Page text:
Americans have long used food as a locus for anxieties about a variety of moral issues and have identified the topic as one that is worthy of attracting the reformer’s ire. From Thomas Jefferson’s tribute to the glorious lifestyle of the small farmer to Sylvester Graham’s crusade to get Americans to eat whole grains and eschew spicy foods to the efforts of domestic scientists to standardize and perfect the kitchen arts, the idea that some ways of producing and consuming food are superior to others is an ideological theme that can be traced throughout the nation’s history. 

With some notable exceptions including, of course, a former First Lady, many of the most widely heralded food activists have been white. Their prominence has led to a distortion in the way the history of American food reform has been narrated and to the erasure of other voices who have proclaimed that food choices have political consequences. For example, while a 2021 article in Bon Appétit proclaims Frances Moore Lappé as the founder of a plant-centered food revolution, other genealogies point to the enormous influence of African American civil rights activist and comedian Dick Gregory and to other radical Black eaters who argued that meat eating is harmful to both bodies and minds, associating the practice with poor health outcomes and linking it to a culture of violence and domination. The tremendous influence of Gregory and others like him is evident in the fact that Black Americans are more likely to be vegetarian or vegan than members of any other racial or ethnic group, yet this style of eating is often associated with whiteness in the popular imagination.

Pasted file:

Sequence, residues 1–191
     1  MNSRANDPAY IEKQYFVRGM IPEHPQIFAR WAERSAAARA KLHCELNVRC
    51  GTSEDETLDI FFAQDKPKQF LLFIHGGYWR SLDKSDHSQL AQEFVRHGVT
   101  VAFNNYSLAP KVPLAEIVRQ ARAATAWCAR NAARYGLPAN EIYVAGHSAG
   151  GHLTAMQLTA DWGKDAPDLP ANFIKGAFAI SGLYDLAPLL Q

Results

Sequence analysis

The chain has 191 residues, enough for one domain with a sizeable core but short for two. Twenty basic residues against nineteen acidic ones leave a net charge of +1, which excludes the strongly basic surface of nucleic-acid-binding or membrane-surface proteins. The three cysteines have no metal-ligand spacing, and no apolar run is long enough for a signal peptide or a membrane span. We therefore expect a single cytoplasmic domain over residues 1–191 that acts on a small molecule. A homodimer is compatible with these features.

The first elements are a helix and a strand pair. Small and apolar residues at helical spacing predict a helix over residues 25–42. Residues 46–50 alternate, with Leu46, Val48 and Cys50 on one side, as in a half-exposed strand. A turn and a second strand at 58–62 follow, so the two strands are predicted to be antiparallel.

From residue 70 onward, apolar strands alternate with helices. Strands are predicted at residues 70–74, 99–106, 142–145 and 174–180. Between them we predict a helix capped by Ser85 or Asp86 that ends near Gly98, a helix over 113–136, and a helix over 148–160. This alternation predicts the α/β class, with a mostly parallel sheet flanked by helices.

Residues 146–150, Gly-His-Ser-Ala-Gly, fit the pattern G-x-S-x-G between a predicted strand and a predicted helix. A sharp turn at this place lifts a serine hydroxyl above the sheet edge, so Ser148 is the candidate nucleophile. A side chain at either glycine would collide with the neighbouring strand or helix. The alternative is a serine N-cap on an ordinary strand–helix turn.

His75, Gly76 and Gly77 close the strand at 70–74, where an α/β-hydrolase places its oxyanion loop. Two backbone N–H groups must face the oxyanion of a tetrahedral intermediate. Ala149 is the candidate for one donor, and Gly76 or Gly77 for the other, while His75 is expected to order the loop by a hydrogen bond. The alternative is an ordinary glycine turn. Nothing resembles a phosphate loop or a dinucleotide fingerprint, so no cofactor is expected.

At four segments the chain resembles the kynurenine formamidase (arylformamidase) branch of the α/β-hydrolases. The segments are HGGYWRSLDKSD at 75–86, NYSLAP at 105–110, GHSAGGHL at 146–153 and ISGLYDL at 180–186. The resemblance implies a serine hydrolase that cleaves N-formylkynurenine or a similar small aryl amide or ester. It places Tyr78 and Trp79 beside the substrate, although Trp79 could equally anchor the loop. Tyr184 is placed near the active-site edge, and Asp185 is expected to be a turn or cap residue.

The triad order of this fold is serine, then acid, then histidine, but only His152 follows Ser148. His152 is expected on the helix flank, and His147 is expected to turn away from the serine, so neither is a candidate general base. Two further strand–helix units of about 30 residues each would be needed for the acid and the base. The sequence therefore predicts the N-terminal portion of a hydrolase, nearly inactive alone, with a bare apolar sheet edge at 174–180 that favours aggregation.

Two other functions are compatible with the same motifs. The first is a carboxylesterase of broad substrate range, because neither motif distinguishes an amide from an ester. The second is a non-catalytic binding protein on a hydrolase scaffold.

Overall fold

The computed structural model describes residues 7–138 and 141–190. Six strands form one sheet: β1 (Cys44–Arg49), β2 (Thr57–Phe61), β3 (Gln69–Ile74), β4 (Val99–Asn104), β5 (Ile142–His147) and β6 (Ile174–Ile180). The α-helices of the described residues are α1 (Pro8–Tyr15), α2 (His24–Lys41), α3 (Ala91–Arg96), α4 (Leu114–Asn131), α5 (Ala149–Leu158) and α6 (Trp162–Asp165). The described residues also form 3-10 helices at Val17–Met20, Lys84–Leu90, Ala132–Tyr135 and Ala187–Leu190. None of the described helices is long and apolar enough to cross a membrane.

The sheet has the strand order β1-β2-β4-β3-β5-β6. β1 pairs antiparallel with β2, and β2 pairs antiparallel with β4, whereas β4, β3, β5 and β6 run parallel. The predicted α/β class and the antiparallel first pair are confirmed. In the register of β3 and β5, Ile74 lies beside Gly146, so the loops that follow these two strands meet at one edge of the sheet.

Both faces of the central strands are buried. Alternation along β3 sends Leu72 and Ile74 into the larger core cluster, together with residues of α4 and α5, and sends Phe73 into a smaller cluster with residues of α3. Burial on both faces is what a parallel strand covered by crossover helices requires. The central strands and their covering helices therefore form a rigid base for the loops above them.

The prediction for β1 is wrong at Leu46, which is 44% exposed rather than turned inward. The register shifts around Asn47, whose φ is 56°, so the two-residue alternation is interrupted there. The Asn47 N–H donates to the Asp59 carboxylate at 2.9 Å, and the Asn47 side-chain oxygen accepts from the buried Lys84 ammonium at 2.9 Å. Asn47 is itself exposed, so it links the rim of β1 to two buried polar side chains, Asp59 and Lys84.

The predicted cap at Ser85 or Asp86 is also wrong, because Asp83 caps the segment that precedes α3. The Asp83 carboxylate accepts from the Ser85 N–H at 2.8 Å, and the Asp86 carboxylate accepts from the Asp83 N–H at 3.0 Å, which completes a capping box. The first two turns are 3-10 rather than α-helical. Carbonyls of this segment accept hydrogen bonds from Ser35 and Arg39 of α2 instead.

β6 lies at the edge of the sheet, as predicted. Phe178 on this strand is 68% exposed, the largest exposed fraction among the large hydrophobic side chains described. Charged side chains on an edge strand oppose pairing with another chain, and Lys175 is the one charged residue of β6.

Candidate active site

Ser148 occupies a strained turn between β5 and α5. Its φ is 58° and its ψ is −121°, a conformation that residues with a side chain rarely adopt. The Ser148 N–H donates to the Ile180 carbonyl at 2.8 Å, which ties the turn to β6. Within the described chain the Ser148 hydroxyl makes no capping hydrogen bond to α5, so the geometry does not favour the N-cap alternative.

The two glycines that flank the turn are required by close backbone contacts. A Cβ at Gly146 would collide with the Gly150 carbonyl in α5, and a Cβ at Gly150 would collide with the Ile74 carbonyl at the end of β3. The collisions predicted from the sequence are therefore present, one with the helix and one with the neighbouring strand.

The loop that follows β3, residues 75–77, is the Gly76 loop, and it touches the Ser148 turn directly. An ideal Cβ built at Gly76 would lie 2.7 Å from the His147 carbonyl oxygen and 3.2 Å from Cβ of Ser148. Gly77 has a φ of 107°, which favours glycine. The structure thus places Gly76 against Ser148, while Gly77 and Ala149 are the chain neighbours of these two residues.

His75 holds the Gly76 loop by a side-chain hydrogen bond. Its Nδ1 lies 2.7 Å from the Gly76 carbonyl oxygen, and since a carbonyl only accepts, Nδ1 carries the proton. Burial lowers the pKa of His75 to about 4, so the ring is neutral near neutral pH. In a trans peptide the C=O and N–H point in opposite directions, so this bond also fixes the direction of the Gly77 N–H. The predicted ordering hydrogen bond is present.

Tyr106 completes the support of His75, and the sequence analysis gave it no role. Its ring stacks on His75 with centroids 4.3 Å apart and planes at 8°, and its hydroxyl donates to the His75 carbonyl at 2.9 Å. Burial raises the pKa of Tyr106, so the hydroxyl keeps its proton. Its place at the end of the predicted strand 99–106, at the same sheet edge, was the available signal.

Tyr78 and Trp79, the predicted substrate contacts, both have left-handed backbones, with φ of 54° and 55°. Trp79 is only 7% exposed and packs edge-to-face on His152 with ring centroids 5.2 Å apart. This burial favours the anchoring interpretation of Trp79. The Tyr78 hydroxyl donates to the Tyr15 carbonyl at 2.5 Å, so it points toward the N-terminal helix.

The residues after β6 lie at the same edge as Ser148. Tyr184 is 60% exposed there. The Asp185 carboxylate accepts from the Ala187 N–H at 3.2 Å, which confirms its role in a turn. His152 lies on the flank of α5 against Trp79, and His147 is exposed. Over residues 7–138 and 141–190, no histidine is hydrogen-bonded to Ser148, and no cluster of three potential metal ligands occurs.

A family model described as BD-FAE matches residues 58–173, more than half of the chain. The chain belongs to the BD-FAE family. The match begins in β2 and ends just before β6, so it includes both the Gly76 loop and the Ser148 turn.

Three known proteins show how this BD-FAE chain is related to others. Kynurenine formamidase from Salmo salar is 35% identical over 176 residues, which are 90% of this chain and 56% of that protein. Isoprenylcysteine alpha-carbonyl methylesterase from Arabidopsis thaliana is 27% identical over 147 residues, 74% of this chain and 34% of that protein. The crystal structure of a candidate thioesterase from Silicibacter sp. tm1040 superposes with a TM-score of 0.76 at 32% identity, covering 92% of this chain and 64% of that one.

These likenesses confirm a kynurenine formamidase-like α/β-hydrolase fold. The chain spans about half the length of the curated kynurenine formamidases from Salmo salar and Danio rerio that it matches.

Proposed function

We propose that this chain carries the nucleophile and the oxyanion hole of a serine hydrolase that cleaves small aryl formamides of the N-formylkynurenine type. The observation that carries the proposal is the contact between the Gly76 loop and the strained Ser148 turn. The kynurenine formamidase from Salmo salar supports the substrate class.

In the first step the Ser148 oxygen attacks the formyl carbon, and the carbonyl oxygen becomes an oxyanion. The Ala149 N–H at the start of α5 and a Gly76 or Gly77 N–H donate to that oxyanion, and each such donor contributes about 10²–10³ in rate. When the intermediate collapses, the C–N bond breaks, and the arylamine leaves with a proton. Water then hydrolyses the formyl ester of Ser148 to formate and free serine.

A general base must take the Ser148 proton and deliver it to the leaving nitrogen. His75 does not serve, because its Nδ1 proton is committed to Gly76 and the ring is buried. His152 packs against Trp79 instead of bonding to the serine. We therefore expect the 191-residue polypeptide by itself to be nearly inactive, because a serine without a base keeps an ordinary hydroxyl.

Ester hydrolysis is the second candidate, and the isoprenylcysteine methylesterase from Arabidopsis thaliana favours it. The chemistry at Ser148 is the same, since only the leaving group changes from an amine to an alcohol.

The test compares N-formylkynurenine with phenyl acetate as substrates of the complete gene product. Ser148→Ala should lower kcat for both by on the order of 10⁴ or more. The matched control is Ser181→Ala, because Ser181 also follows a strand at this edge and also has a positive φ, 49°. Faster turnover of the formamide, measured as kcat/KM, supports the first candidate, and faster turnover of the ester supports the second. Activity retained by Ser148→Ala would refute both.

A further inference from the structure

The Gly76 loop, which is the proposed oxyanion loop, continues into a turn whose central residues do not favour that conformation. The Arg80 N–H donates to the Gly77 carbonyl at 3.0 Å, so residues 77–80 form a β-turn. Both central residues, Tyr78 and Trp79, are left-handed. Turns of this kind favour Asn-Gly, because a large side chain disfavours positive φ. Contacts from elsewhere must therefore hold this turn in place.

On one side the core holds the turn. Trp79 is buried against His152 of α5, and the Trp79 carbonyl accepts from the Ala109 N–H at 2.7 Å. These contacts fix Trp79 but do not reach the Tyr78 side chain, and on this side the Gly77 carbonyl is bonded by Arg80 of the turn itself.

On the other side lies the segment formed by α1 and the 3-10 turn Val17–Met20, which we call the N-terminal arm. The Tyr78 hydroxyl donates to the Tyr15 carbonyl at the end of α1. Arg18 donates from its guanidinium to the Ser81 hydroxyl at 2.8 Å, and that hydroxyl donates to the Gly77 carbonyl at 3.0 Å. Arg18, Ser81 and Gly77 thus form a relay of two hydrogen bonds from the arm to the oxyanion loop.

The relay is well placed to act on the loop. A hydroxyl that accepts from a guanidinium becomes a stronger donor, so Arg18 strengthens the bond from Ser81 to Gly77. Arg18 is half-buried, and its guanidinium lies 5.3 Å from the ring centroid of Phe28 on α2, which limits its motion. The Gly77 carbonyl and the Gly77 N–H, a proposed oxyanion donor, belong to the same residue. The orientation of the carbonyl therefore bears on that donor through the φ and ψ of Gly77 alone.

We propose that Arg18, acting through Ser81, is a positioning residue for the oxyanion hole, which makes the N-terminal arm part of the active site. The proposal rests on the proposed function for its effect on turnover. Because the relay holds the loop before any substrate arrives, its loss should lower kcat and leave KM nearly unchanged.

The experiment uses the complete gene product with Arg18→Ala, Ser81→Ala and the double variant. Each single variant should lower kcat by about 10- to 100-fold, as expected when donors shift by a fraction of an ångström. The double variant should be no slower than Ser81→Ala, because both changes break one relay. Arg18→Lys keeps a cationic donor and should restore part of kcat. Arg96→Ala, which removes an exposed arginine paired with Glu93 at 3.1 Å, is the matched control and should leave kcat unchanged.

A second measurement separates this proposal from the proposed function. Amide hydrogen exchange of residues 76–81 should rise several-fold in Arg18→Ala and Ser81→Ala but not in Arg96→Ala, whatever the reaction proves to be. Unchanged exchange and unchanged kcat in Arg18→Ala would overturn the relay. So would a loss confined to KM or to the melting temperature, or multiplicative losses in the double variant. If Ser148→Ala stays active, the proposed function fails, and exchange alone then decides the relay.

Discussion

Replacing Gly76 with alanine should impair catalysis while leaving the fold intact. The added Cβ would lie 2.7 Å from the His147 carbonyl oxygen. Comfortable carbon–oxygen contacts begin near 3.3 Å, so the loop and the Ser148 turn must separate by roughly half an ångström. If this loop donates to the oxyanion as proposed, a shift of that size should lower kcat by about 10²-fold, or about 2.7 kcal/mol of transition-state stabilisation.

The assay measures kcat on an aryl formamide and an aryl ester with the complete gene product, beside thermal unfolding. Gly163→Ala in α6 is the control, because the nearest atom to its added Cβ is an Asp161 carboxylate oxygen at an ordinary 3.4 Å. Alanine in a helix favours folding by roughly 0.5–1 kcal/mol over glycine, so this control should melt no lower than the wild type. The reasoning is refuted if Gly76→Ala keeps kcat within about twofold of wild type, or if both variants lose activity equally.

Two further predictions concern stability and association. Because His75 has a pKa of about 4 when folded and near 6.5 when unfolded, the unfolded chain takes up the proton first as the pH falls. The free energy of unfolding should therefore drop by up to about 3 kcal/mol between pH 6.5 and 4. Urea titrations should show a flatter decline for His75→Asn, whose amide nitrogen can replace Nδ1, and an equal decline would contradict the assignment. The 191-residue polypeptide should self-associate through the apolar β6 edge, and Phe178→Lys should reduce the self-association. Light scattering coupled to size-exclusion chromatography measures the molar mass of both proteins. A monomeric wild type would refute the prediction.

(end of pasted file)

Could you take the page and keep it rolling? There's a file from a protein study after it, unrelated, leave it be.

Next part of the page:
The historic African American impulse toward food reform is often hidden in plain sight, even from those scholars who have not yet been convinced that food is indeed the “world’s most important subject.” In some ways this omission is understandable, as African American activists have seldom framed themselves as single issue food reformers. For example, race leaders like Booker T. Washington and W.E.B. Du Bois saw food issues as being interconnected with the gargantuan task of creating a positive post-emancipation reality for Black people. Washington, a former slave, wanted students at the Tuskegee Institute, which he founded, to eat foods associated with upper mobility, sophistication, and nutritional science as a means of claiming their share of space in the nation’s future. Du Bois turned to the politics of the table in different seasons of his life for a variety of reasons, ranging from his mainstay desire to preserve the health of the community, to demonstrating patriotism to a nation that had spurned Black desires for inclusion, to advocating for Black cooperative economic activity in the face of relentless segregation. Both men knew that reforming food practices and systems was key to a more equitable future long before the advent of the modern food movement. If the issue of food was not visible to many before the 1970s, they simply were not looking in the right places.

Jennifer Jensen Wallach is professor and chair of the department of history at the University of North Texas. She is the author or editor of several books, including Dethroning the Deceitful Pork Chop.